“The people” famously ousted Ferdinand Marcos from power in the Philippines in 1986. After democratization, though, a fault line appeared that split the people into citizens and the masses. The former were members of the middle class who engaged in civic action against the restored elite-dominated democracy, and viewed themselves as moral citizens in contrast with the masses, who were poor, engaged in illicit activities and backed flawed leaders. The masses supported emerging populist counter-elites who promised to combat inequality, and saw themselves as morally upright in contract to the arrogant and oppressive actions of the wealthy in arrogating resources to themselves.
In 2001 the middle class toppled the populist president Joseph Estrada though an extra-constitutional movement that the masses denounced as illegitimate. Fearing a populist uprising, the middle class supported action against informal settlements and street vendors, and violent clashes erupted between state forces and the poor. Although solidarity of the people re-emerged in opposition to the corrupt presidency of Gloria Macapagal Arroyo and propelled Benigno Aquino III to victory in 2010, inequality and elite rule continue to bedevil Philippine society. Each group considers the others as a threat to democracy, and the prevailing moral antagonism makes it difficult to overcome structural causes of inequality.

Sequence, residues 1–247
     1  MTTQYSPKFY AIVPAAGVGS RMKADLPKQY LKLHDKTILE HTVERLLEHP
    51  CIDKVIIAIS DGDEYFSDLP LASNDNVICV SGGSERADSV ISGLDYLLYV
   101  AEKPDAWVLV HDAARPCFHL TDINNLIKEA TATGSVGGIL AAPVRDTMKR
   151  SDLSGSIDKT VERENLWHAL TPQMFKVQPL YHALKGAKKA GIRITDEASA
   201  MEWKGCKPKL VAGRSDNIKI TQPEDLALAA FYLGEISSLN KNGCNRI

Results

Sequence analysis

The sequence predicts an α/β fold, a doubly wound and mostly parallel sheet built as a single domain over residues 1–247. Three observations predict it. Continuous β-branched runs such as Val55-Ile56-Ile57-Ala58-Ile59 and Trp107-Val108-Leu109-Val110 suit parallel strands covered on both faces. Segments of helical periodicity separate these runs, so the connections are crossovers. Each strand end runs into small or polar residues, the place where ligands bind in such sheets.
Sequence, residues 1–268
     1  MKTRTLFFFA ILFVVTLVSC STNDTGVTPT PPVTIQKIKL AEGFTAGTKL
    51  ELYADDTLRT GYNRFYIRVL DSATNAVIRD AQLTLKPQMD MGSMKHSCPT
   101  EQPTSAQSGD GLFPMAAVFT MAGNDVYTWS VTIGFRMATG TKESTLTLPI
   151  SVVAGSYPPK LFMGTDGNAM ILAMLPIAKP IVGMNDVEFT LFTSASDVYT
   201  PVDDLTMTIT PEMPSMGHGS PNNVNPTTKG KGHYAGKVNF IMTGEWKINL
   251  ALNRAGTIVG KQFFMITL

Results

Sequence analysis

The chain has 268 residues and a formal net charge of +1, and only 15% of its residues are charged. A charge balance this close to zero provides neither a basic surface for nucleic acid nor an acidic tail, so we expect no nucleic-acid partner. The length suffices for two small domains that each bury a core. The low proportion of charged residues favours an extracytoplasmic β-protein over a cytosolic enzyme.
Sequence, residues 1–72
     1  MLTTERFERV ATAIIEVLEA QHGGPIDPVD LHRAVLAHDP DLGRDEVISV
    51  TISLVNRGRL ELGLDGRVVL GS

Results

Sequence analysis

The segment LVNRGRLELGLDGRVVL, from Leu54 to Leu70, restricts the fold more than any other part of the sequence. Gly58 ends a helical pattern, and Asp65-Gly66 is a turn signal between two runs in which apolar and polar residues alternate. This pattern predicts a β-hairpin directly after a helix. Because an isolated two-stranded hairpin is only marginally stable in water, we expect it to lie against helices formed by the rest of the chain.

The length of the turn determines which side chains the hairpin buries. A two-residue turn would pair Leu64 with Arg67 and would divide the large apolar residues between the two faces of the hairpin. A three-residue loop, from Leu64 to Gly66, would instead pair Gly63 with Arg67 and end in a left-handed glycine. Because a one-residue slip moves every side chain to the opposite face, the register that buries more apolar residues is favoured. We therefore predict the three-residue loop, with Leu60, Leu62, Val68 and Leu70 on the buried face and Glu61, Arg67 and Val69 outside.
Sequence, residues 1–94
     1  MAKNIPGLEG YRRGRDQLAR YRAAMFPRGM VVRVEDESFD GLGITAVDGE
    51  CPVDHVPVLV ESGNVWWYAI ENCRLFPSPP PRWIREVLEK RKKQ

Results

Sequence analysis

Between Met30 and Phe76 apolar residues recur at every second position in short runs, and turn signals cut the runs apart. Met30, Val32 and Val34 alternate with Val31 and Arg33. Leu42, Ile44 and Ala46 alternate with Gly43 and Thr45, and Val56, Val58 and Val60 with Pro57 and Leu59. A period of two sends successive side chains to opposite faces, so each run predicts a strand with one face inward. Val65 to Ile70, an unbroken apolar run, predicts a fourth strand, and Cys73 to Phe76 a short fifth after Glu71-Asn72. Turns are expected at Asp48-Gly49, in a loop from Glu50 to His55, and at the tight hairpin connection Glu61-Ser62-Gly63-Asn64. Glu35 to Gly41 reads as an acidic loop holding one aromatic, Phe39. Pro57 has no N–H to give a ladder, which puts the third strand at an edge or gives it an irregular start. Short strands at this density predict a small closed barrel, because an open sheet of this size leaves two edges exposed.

table of contents
List of Illustrations
Introduction: Philippine Democracy and Moral Politics
1. Analytical Framework
2. Formation of the Dual Public Sphere
3. People Power and Moral Antagonism
4. Moral Antagonism in Elections
5. Moral Antagonism in Urban Governance
6. The Revival of Moral Nationalism
7. Beyond Moral Politics
Wataru Kusaka is associate professor at the Graduate School of International Development, Nagoya University.